Skipping to the good stuff here — skipping spring poppies, summer sweet peas and getting straight into the high summer/autumn beauties!
My BESTIE is getting married October 8th this year so I need to focus. She’s enlisted me to do her flowers and I couldn’t be more excited!
Autumn is when the bounty rolls in. Last year October was the month I felt like I hit my stride. The dahlias, zinnias and foliage were amazing!
I love the idea of breaking floral elements into three categories – the brides, bridesmaids and “uglies”.
The bride is that cafe au lait dahlia – demanding attention. The most perfect element.
The bridesmaids could be the bolder dahlias above. Their color brings contrast that helps the bride pop. Her beauty and form still hold the spotlight.
Or they can be as simple and unassuming as the neutral zinnias below. Echoing the subtle color of the bride while still allowing her to shine
The “uglies” are the foliage. To me they are lush, verdant and help everyone else pop. On their own they’re not much to look at. They have a vital role as filler, it’d take a LOT more flowers without them!
They’re the official flower of the great city of Chicago! They’re also amazingly long lasting cut flowers, easy to propagate and come in all kinds of beautiful =D
I really enjoyed growing them last season. I ordered mine from Minnesota. Most flower farmers rave about Kings Mums but I don’t have experience with them. My understanding is those require careful overwintering and I’m not into that.
Let’s start with what these are not. These are not “exhibition” type mums. They’re not the Seaton’s J’dore variety you see all over Instagram.
These “Mums from Minnesota” at fgimn.com are bred for brutal winters. Not exactly what I’m into but it’s what I’m stuck with. I’ll be sure to report on their hardiness as soon as the ground isn’t frozen solid =P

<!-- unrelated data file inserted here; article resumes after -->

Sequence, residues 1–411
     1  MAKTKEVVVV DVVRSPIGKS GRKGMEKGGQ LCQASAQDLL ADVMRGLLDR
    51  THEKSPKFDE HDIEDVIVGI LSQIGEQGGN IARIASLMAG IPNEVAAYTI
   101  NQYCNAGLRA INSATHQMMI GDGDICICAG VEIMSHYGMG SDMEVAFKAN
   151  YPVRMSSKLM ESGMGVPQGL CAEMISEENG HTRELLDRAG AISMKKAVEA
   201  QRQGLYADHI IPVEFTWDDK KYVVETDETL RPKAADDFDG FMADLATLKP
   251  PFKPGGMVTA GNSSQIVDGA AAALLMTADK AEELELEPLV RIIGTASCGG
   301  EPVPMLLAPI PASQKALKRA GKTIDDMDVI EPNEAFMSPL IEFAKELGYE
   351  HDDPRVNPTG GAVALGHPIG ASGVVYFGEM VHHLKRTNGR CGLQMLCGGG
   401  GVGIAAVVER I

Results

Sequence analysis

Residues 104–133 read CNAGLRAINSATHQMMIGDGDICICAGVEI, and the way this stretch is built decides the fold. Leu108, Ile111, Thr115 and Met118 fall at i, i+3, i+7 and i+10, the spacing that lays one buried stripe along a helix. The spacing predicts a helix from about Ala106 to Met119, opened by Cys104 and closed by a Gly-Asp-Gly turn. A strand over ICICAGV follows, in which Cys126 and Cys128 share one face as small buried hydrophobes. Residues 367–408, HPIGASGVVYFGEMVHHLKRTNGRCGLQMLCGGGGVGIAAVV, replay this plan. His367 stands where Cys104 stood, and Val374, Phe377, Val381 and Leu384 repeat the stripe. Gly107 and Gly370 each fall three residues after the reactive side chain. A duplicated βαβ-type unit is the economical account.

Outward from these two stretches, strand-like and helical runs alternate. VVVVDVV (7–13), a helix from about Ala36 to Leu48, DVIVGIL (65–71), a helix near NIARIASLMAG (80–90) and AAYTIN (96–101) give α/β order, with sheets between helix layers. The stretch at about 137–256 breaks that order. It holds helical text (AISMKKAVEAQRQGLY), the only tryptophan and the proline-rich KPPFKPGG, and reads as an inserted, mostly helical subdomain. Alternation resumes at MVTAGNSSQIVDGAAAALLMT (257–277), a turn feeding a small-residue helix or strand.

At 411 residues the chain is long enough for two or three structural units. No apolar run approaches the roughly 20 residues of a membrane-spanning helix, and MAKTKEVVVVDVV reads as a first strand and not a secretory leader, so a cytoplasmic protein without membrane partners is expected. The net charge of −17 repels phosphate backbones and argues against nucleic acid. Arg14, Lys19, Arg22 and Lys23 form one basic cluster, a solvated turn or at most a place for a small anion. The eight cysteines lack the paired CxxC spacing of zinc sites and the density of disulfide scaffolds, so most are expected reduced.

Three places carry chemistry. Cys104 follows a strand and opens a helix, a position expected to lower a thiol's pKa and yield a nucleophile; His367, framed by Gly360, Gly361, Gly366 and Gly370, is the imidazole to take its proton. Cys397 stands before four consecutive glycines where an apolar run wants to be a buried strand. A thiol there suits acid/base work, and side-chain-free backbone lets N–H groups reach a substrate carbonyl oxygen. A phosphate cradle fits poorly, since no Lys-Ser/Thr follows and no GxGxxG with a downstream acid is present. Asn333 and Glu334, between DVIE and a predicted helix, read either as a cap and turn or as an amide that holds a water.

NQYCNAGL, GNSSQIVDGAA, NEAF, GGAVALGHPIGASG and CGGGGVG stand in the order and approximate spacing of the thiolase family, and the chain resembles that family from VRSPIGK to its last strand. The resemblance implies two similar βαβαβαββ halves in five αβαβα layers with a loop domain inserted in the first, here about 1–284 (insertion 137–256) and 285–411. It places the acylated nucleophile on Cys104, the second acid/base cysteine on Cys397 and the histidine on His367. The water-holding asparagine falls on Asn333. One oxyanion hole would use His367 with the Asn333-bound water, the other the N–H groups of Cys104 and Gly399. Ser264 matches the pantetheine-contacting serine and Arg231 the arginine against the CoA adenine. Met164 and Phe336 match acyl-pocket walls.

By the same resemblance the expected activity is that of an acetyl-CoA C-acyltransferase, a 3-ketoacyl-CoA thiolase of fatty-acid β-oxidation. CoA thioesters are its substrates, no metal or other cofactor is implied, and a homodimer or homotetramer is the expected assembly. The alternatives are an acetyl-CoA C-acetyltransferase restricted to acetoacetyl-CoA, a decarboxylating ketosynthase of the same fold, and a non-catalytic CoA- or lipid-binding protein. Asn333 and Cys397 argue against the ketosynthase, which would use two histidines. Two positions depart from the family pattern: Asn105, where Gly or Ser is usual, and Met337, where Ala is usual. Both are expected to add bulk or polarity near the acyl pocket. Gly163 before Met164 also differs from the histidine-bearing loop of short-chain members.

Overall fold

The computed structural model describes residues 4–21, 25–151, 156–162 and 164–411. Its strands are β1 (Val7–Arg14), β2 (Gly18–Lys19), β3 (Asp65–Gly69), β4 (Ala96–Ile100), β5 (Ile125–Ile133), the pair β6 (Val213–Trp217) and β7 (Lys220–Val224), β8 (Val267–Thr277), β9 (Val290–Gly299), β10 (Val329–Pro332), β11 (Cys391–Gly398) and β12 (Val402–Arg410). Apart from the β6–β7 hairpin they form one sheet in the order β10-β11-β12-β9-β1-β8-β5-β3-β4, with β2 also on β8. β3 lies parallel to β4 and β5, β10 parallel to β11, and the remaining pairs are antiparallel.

A novelty quill flowered variety
These mums are beautiful!!! There are all different types available. My absolute favorite variety is above and below, name is “Homecoming”. I was expecting “Pat Lehman” to be my favorite from the photos online but “Homecoming” was a pleasant surprise.
Hold up — Is that a dead ringer for Pantone’s “Rose Quartz”??!?!
So if you’re convinced and have to grow some mums now, here was my process
- The first year, I bought whatever looked promising in the catalog and just planted one. I know, JUST ONE?! How are you going to plant just one of anything?! I don’t know, good luck. I did plant 2 of one variety.
- The second year, cross your fingers that your faves survived winter. Then propagate like crazy. Mums root readily from cuttings so that part should be easy. If you don’t know what I’m talking about just google it. If you still can’t figure it out request a tutorial in the comments. Stop rooting by July 1st. Harvest all your other beautiful flowers all season and watch the mums grow lush, green and beautiful with a little water and weeding. By late September be pleasantly surprised with a new and inspirational harvest! Let’s be honest, we’re all a little bored with Dahlias come October. Mums are the perfect distraction
- Enjoy and share with your flowery friends =D
I spent a lot of time planning my garden this winter. I really need to get some other winter hobbies!
The file below is my plan for when to sow seeds for my garden this winter. It’s separated into three categories, Start Indoors, IN GROUND (either transplant seedlings from inside or direct sow in the ground) and Fall Harvest. In my mind it is better for me to just put it out there for you and you figure it out rather than spend any more time explaining it —
2015 Garden Plan, 5B
Please do leave any questions in the comments section and I’ll be happy to clarify